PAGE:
When it comes to data, today’s CIOs are being pulled in all directions. They’re asked to provide an effective data platform that supports machine learning and other data-driven innovation, but they must also continue to support traditional business intelligence (BI) tools and weekly data reports. Successful CIOs have figured out how to address both of these needs without making tradeoffs, and the answer lies in understanding the relative strengths of data warehouses and data lakes.
Much has been said about whether data lakes will replace data warehouses, but I view them as complementary. Data warehouses enable fast, complex queries across historical structured data. They help businesses learn from the past, so a retailer can understand what products have sold well in a particular region, for example. Data lakes focus on learning about the present using streaming analytics — and the future using predictive analytics and machine learning. They’re a repository for a wide variety of unstructured and semi-structured data — think video, social streams and IoT sensor data, for example. And they support the technologies data scientists use today for machine learning, such as the Python language and multiple open-source query engines.
So how does a CIO build a cohesive architecture that brings these two platforms together?
With data warehouses, data must go through a standardized ETL (extract, transform, load) process to load the data and make it available to users, and this ETL process takes time. With a data lake, what we think of as ETL happens at the time the data is read or consumed by the user. Through a process of continuous data engineering, data is made available in the most efficient way, allowing users to access that data directly from the data lake. This is critical because data can become stale in a matter of hours or even minutes. Often, organizations don’t have the luxury of going through a long ETL process to make data available to users.
A modern data architecture accelerates return on investment by combining a data warehouse and a data lake to federate relational and non-relational data stores into a single, cohesive architecture. This enables new practices that complement the core data warehouse without replacing it, because a data warehouse remains the right platform for the standardized data used for BI reports, dashboards and OLAP (online analytical processing), while the data lake supports newer use cases, such as streaming analytics and machine learning.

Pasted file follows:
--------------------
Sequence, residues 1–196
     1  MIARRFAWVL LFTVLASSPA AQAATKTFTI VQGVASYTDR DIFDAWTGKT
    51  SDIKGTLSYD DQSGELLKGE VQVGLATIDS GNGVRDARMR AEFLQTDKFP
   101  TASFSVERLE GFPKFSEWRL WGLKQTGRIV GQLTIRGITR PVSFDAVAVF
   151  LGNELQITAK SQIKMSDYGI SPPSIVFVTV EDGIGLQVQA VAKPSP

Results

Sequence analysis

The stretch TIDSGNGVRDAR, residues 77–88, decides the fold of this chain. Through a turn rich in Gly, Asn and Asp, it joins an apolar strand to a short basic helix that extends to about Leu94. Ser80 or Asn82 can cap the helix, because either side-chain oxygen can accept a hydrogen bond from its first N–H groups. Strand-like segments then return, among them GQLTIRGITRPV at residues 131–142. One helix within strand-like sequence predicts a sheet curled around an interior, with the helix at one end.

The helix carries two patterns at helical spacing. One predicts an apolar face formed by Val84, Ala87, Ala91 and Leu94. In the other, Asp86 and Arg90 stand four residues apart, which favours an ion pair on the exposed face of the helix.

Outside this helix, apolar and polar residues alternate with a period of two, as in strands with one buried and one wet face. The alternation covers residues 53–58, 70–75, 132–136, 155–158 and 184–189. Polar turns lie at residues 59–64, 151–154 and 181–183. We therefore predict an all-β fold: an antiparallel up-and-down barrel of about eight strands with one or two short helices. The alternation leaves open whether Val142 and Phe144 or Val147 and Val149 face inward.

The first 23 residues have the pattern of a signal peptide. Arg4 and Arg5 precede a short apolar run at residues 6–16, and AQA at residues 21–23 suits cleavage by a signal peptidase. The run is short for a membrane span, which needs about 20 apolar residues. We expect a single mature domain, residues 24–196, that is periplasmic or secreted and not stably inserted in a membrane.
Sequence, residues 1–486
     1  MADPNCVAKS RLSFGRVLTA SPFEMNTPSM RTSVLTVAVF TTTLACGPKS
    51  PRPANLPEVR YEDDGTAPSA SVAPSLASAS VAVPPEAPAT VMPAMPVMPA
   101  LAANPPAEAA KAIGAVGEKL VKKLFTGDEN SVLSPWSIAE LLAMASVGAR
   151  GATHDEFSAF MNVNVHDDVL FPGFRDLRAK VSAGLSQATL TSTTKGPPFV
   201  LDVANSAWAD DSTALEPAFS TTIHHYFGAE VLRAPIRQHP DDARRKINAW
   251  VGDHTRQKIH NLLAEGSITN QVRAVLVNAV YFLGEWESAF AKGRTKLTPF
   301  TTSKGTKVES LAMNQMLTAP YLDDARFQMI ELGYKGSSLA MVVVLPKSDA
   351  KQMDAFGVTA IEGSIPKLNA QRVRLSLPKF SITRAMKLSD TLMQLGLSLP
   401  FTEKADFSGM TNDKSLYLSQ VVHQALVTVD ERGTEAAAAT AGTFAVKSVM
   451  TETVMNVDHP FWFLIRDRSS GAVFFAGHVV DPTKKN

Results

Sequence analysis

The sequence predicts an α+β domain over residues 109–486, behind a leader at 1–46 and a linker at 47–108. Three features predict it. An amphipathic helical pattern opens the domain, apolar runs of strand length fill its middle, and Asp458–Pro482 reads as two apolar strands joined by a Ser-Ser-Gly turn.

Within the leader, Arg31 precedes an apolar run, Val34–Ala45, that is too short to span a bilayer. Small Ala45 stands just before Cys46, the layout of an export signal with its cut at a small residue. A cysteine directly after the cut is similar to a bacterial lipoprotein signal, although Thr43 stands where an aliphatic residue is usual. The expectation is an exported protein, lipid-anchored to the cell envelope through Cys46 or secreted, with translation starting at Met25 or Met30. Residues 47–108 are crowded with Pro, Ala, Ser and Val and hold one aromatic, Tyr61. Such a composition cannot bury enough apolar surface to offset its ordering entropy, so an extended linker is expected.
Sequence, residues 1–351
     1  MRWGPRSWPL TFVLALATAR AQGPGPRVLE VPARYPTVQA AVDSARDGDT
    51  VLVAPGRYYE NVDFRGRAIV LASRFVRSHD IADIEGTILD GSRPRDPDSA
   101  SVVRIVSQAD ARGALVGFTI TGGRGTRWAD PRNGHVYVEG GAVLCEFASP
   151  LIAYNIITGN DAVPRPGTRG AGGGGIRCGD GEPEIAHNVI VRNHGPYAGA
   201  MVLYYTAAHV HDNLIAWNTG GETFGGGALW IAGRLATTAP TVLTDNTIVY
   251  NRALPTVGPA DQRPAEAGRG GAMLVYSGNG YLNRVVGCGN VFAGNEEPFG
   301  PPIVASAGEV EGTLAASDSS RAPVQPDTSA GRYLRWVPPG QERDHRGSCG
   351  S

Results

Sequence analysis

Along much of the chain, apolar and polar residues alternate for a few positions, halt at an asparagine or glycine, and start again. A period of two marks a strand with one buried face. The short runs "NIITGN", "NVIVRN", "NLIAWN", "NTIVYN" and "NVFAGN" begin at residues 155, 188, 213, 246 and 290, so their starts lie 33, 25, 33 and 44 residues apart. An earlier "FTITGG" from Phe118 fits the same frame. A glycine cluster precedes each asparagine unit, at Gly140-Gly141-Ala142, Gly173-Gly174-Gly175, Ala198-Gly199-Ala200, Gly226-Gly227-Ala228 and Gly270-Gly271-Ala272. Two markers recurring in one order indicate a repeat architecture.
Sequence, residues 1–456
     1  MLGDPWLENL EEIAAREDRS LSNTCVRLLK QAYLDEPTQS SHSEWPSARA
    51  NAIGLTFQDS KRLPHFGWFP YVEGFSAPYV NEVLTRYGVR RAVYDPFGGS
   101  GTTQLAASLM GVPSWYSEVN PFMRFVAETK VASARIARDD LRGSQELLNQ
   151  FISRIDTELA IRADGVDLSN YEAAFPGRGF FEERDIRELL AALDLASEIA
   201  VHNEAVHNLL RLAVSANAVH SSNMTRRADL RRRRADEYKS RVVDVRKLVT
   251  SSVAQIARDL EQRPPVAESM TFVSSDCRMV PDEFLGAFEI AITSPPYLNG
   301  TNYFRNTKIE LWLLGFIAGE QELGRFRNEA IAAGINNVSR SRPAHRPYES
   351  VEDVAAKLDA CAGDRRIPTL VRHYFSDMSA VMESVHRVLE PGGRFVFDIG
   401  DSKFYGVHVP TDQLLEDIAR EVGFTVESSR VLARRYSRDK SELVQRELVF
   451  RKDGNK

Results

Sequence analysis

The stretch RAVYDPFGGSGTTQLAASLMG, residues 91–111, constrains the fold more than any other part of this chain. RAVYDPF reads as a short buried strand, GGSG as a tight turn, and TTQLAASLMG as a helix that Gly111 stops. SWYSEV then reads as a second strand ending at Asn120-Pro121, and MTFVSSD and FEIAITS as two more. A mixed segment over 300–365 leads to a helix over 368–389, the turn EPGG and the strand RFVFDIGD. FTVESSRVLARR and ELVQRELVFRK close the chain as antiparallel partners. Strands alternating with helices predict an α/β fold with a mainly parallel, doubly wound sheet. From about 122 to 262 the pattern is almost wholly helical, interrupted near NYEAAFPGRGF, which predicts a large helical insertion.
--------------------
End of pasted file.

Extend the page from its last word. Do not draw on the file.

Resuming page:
To visualize this, imagine a cloud object store as the bottom layer of this modern data architecture. Data from all sources reside here, including the structured data for traditional business apps and the unstructured data for your data lake — the clickstreams, images, server logs, IoT and other data required for machine learning and advanced analytics. Data from this cloud object store is then fed into the data warehouse for the BI workload, while the rest of the data in the cloud object store is made available via a data lake platform for streaming analytics and machine learning.
In this way, the modern data platform becomes the single ingestion point for all new data. Organizations can transform and process data, formerly destined only for the data warehouse, with a schema-on-read approach directly from the data lake.
Enhancing an existing data warehouse with a cloud data lake provides freedom of choice. There’s no need to compromise between technical fit or cost reduction for managing all types of data. When an integrated data environment leverages a cloud-native data platform, companies get the best approach to managing all types of data from the perspective of cost, performance and flexibility. This integrated environment can support data engineering, data analytics and machine learning services, which ultimately yield trusted data sets for the business.
I would add that CIOs should aim to build “open” data lakes to ensure they’re not locked into proprietary data formats or proprietary systems, which reduces flexibility and leads to increased costs. With an open data lake, data is stored in open formats and accessed through open, standards-based interfaces. This philosophy should extend to every aspect of the data lake, including data management, data storage, data processing and data access. Open formats are those based on open standards and developed through a community-driven process, such as Parquet or ORC.
In this way, CIOs can address the needs of all their users in the cloud without needing to support and manage multiple data repositories. Data scientists get what they need to develop, test and deploy machine learning applications, while the business continues to support more traditional reporting needs. The overall objective is driving innovation while keeping costs to a minimum, and this dual strategy of combining your data warehouses with an open data lake is the way to achieve this.